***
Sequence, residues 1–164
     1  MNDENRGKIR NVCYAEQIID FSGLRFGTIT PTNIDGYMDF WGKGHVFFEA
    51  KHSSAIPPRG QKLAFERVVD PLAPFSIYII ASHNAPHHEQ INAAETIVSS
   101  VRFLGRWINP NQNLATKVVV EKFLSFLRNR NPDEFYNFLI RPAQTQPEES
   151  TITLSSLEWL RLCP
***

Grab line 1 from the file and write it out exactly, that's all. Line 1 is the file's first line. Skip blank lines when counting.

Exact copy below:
Sequence, residues 1–164